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While before my symptoms were invisible when I become more visibly disabled, however, I found it was me that became invisible.

Honouring My New and Ever-Growing Limitations

As the identity of ‘disabled’ made me feel invisible and even more isolated than before, I began to resent it.  I ignored what my body needed and did everything to blend in, to once again feel visible in the world.  The assistive devices that now played a prominent role in my life were left at home, discarded and redundant just as they had made me feel redundant, unable to live life like I once had.

“As the identity of ‘disabled’ made me feel invisible and even more isolated than before, I began to resent it.  I ignored what my body needed and did everything to blend in, to once again feel visible in the world.” Click To Tweet

It, however, only led to more falls as a result of a lack of support and balance such aids provided. All the extra walking needed to get around only resulted in more pain. And after returning home, overwhelming fatigue emerged, left unable to do anything but tolerate it.  I had to learn to accept the inevitability that flares go from the invisible to the visible.  And as such, had to acknowledge my need for such assistive devices.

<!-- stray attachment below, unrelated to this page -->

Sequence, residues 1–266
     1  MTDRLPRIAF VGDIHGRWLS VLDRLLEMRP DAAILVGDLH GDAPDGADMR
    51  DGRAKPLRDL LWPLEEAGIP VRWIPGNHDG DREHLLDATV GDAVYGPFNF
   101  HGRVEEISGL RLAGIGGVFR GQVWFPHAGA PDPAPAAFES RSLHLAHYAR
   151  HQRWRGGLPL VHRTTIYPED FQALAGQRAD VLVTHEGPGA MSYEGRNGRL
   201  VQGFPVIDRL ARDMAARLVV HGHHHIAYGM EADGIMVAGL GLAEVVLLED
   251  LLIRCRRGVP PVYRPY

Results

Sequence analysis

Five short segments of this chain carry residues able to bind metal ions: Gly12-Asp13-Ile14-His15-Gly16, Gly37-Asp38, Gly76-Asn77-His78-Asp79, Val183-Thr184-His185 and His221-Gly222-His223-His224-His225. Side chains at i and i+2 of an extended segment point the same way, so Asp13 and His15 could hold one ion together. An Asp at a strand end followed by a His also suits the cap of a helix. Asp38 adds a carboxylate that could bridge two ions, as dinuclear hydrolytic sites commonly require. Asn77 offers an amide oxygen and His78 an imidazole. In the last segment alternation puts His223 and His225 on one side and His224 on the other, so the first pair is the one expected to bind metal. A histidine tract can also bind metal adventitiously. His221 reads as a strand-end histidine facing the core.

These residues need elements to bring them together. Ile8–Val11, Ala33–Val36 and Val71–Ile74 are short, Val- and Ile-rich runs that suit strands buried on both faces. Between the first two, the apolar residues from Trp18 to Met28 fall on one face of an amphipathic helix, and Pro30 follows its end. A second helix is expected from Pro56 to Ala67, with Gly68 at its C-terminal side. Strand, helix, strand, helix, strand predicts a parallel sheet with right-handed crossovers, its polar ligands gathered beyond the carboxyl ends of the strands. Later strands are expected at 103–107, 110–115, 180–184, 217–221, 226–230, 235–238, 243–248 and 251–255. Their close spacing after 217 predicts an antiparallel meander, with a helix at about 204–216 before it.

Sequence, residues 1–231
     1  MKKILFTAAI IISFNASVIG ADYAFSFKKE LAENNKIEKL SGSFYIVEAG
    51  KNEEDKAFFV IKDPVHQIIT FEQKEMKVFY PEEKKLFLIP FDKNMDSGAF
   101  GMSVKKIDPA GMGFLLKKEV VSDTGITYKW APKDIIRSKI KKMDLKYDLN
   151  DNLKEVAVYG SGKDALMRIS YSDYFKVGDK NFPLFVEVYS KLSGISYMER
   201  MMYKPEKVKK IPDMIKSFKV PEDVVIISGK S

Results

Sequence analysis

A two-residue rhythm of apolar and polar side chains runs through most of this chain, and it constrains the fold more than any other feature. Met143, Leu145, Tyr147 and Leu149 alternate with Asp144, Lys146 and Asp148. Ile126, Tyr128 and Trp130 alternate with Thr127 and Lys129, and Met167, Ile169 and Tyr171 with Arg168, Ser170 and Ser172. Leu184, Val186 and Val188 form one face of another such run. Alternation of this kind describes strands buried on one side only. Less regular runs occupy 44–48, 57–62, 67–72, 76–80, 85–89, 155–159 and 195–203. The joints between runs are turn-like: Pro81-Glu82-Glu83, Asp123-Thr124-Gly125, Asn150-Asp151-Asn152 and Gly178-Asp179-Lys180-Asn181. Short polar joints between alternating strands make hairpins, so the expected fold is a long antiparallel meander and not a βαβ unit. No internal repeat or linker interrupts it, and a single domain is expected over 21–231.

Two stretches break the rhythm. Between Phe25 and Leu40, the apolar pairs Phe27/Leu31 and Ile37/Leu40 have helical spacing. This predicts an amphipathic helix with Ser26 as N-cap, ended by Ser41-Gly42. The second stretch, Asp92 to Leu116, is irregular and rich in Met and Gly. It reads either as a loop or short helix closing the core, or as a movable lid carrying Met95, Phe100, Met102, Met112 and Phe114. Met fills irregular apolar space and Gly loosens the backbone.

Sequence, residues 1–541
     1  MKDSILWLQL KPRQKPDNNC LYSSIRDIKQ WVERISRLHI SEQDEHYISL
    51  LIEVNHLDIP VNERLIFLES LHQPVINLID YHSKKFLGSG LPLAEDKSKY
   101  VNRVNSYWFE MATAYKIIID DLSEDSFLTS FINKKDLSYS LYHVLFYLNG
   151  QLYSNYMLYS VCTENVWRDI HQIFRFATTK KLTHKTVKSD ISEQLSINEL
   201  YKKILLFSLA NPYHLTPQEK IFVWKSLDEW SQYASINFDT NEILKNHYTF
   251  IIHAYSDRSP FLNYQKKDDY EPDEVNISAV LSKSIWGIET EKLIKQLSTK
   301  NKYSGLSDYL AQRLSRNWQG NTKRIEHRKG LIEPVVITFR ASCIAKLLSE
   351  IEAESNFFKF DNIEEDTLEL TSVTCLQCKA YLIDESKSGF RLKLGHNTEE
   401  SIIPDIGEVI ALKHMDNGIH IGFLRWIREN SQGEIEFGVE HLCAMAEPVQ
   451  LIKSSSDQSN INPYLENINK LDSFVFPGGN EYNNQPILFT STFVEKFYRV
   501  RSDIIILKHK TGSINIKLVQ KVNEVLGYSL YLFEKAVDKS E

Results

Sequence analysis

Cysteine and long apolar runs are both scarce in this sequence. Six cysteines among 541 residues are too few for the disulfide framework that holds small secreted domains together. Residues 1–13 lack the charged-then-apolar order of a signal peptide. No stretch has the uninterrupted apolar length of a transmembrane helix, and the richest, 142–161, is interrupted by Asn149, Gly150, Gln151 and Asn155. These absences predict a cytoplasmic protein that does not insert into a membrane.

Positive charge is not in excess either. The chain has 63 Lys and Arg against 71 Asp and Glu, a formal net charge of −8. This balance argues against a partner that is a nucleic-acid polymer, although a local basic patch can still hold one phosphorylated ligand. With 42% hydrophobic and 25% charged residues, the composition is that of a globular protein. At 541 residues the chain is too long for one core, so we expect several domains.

Being in a wheelchair usually leaves me feeling more alone and isolated than ever before, which made it harder to accept that I needed to use such assistive devices. Photo by Marcus Aurelius from Pexels.

Honouring the disabled label was a gradual process. Some days, I felt disabled, and days when I didn’t. The tag was an ageing-in sort of thing that took many years of being sick and living with FND.  Disability is a unique lesson in acceptance; by honouring the limitations of my body and embracing the mobility aids that accompany it, I can be happier and be more productive than without them. 

“Disability is a unique lesson in acceptance; by honouring the limitations of my body and embracing the mobility aids that accompany it, I can be happier and be more productive than without them.” Click To Tweet

Hoping That The Label Will Become Only A Small Part of My Life

The severe debilitating effects of a flare, and the resulting disability it causes often feel that it plays a significant and prominent role in my life. At times it feels that the diagnosis defines me, and the rest of my life pales into insignificance. Even more so, during a debilitating flare, or on the awful days, which there are many.

I hope for the day when illness and disability becomes only a small part of my life, as often and especially during times of a flare it can feel like the most significant part of life!

So, I began hoping and living for the moments in between. The good times in between flares, the good parts of the day when I’m not in pain.  Or those times where the other symptoms are quiet in the background. And the times when I don’t have to always worry about my health; or concerned when the symptoms will next suddenly appear.

“I began hoping and living for the moments in between. The good times in between flares, the good parts of the day when I’m not in pain, or where the other symptoms are quiet in the background.” Click To Tweet

I am hoping that over time, despite the disability that has begun to impact every facet of my life significantly, that it will become just another part of my life. I hope that it will become a small part of my life; even on the bad days.